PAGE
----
Volume > Issue > "Why Is a Good Priest So Hard to Find?"

“Why Is a Good Priest So Hard to Find?”

EDITORIAL

We don’t run contests, but if we did, and if we were picking the most significant article in the national Catholic press for 1995, we’d probably give First Place to Archbishop Elden Curtiss of Omaha for his “Crisis in Vocations? What Crisis?” in the October 8 Our Sunday Visitor.

Over the years we’ve persistently heard from readers, especially those in troubled dioceses, that they’ve had the darndest time finding a decent, orthodox parish in which to worship. Priests attack the Pope and Catholic doctrine from the pulpit. Other, less angry, priests don’t go that far — they simply never mention the distinctive teachings of the Catholic faith, such that a good Methodist would find nothing to disagree with. Sometimes the words of the liturgy are so butchered (“God our Mother” seems to be the latest craze) that one has the sensation of being in some New Age conventicle.

Why does this happen? There are many reasons, but Archbishop Curtiss put his finger on a major reason: the way in which potential seminarians are screened in certain dioceses.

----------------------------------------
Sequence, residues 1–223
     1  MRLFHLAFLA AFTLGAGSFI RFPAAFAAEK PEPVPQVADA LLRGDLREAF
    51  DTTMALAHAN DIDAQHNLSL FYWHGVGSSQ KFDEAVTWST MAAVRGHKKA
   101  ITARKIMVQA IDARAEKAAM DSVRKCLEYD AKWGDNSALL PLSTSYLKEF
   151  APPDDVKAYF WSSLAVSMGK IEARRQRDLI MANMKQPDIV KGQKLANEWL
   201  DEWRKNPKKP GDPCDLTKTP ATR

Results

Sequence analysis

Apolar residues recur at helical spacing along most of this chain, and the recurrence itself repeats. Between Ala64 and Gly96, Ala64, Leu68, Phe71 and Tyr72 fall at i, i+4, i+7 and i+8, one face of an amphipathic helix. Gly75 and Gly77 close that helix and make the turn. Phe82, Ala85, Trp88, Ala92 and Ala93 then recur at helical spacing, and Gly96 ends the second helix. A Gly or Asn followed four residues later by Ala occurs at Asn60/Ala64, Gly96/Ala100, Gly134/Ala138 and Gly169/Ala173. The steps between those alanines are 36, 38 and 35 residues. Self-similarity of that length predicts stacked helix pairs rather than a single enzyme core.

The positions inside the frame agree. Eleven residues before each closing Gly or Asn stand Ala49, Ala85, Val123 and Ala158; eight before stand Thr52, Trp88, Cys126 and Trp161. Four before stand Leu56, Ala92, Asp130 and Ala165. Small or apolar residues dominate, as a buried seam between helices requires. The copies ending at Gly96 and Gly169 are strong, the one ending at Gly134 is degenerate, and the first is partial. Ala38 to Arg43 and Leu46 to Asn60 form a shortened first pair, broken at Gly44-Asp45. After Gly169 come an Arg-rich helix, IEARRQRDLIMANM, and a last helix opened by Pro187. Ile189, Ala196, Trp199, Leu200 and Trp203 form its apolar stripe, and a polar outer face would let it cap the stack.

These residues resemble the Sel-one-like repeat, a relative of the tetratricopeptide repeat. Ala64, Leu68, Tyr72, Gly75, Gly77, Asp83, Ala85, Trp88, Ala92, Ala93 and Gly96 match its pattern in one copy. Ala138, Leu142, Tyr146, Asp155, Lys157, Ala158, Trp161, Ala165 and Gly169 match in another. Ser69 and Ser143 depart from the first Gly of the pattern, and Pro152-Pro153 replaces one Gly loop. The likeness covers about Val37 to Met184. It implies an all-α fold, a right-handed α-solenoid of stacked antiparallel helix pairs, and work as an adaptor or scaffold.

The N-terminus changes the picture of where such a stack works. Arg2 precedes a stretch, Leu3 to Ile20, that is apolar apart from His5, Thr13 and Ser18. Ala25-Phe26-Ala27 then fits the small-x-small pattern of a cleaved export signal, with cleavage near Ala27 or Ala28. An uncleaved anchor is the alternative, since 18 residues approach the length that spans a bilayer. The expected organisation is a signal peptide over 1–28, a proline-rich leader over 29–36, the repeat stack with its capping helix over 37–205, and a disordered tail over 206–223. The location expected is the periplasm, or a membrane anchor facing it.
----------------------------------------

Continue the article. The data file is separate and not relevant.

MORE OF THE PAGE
We know that there are plenty of orthodox young men who feel called to the priesthood, and that, overall, today’s seminarians are more orthodox than they were 15 years ago. And Curtiss presents evidence that vigorously orthodox dioceses with orthodox vocation directors have plenty of seminarians — no “vocations crisis” there!

Enjoyed reading this?

READ MORE! REGISTER TODAY

SUBSCRIBE

You May Also Enjoy

New Oxford Notes: January 2002

The Linguistic Minefield... Cheap Grace in Holland... Collegiality Means Responsibility... When Old Tics Die Hard...Evangelical Allies

Letter to the Editor: March 2007

A Media Witch Hunt Against Catholic Clergy... Not For the Faint of Heart... Chris Conlee's Unhappy Article... The New Vernacular Mass Is Just Plain Annoying... John Michael Talbot & Eastern Religions... Are Vaccines Safe?...

The Resurrection & the Beloved Disciple

At the foot of the Cross, John shared in the suffering of his beloved master. In some mysterious way faith derives from suffering.